In spite of Cortell's strong stance with his point of view, I happen to disagree. In fact, last summer I dealt with the very identical situation. The house is close to 100 yrs old and all the settling that should happen HAS happened over that period of time. I had a 3/4" hump in the floor at a doorway opening in a 4' span to deal with and if I had not dealt with it, the base unit cabinets at that corner would had to of been cut to fit. So, by eliminating the hump which is not so appealing to the eye OR walking onto when going into the kitchen for that matter I repaired the floor framing prior to installing the sub-floor. http://www.crossworksme.com/Falmouth%20Kitchen.htm [<<< don't ask me why she wanted 2 different color cabinets!...lol. I don't argue with the customer]

As for the ceiling slanting and the floor now being level, this will only be seen when the upper cabinets have been installed. If your going to leave a space between cabinets and ceiling, that taper will not be so obvious. However with a soffit in place that becomes more evident. You decide.

I would make the floor right while you have things opened up.

This is no different then when a customer wants new siding and with 25yr old windows place decides not to install new windows. You either do both or don't replace the siding. Imo....In the end it just costs more, to neglect the obvious.

cortell 04-21-2012 02:02 PM

Crossworks, we both agree that the floor should be addressed as part of the kitchen remodel. The question is whether you should pursue a band-aid fix with significant shortcomings or instead bring in an engineer to determine if a serious foundation problem is at play, and/or if the foundation slant can be properly addressed such you end up with a kitchen that is fully level and plum.

Also let's be clear that a hump or dip in a floor is likely to be a less serious problem than the floor steadily dropping 2" from one wall to another.

CrossWorks 04-21-2012 06:36 PM

Well yah there is no telling if there's a serious foundation issue even after 100 years. I know here on the East coast, once a house has settled, it's pretty much done moving in most cases. I guess it would depend on the ground and location of the house.

I suppose it certainly wouldn't hurt to get an engineer though to look things over just to make sure.

Daniel Holzman 04-21-2012 07:18 PM

Pretty interesting to have such a discussion when the OPS has not even indicated where they live, how long a run the 2 inch drop occurs over, what qualifications the inspector had. I have inspected over 200 houses for structural damage. It is certainly not uncommon to have a 2 inch drop across the kitchen, based on my experience.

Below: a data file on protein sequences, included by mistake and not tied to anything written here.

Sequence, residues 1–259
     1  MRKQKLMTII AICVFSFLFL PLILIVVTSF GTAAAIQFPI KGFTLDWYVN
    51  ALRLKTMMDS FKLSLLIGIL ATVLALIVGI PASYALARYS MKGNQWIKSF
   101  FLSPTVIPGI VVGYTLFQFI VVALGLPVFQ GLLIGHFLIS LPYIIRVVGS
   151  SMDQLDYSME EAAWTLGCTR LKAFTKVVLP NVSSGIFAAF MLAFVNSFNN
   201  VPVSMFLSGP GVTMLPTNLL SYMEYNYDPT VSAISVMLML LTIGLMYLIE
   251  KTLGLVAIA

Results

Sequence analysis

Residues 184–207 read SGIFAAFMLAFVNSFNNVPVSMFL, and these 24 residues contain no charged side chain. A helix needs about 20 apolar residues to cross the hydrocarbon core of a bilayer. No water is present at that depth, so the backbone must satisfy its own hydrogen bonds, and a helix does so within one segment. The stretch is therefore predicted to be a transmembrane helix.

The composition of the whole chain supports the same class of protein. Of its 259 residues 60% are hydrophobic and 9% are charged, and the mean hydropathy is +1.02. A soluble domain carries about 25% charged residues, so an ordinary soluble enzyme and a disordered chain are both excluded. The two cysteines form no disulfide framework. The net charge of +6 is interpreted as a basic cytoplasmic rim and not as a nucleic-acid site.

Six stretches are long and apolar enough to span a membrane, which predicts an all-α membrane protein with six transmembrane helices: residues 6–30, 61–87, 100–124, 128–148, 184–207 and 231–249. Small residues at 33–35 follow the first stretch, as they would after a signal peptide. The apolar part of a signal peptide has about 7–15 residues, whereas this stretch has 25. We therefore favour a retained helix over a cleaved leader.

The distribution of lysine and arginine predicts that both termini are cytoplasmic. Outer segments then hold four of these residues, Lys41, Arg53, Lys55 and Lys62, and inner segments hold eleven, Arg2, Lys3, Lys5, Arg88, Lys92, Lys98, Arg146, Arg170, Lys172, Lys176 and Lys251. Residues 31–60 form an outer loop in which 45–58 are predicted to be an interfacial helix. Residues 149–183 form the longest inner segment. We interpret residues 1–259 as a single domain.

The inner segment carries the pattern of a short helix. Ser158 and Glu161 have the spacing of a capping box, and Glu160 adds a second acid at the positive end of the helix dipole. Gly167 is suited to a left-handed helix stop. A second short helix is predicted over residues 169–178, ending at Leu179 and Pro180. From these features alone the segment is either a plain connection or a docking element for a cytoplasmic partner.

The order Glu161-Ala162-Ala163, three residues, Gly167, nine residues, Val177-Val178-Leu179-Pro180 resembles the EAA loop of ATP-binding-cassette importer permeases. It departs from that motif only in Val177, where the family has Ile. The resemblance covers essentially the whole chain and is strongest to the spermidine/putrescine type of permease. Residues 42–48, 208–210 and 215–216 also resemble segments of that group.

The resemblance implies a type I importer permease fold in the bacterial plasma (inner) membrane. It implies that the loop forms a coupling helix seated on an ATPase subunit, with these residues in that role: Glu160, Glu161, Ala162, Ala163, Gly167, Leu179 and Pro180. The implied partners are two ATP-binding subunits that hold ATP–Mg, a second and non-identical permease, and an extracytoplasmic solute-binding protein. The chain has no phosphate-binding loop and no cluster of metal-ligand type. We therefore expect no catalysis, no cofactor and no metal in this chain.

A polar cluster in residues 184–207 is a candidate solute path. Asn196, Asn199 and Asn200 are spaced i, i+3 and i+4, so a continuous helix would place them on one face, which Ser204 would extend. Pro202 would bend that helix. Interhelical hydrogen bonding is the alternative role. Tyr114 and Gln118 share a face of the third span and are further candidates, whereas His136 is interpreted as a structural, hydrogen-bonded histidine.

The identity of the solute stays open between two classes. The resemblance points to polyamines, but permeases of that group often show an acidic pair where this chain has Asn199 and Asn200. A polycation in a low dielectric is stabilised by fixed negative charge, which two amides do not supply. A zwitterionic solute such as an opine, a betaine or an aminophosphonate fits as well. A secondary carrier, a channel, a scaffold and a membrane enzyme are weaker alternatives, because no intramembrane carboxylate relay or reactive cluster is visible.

It is impossible to tell over the internet, based on information made available, whether the drop occurred slowly over the last hundred years, or whether it occurred recently due to a more recent cause such as a wind event, ground shifting, rotting boards etc. If the inspector was competent and thorough, it is likely that his analysis is accurate, and the settlement is not of structural significance. However, we have no way of ascertaining the skill level and the thoroughness of the investigation.

As to using self leveling compound, you should do a search of this forum for the topic. Use of self leveling concrete is not as simple as it sounds, it adds weight to the floor, and can create other issues. Shimming the subfloor two inches is quite a bit, but can be done, not without careful consideration of the stability of the floor. It is also possible to jack up the joists to a level condition, but in an old house this can be difficult and expensive.

If you do not have total confidence in the inspector, bringing in a structural engineer to have a hands on look is a good idea. If you are convinced that there are no structural issues, talk to a local framer about options to level the floor, level the ceiling, and plumb the walls. Doing the work yourself is also an option, but can be pretty difficult to get right.

hand drive 04-23-2012 08:29 PM

I call it the bowl affect. In general the foundation walls usually do not settle as much as the brick piers under the crawlspace that hold up the house girders and beams. The piers settle so the floors slope downward away from foundation walls. I've taken up sub floor and sistered floor joists level raising one side of the room 4" with there being a doorway on the 4" side! Talk about noticeable! but that was what the homeowner wanted so....

you will see this in older homes almost always, put a round marble on the floor at the foundation wall and see which way it rolls...

md2lgyk 04-24-2012 07:10 AM

Regardless of other possible solutions, I would NOT use self-leveling concrete. It is very expensive. And the directions for the stuff I have used say not to go more than one inch thick.

packer_rich 04-24-2012 07:35 AM

Self leveling concrete is a BAD idea. 2" is too much for that product. If you are going to the trouble of pulling up the subfloor, I would suggest raising the joists to level. You dont say, but does the out of level problem end at a beam or some kind of support structure? There should be a way to raise all the joists at once and remove the slant.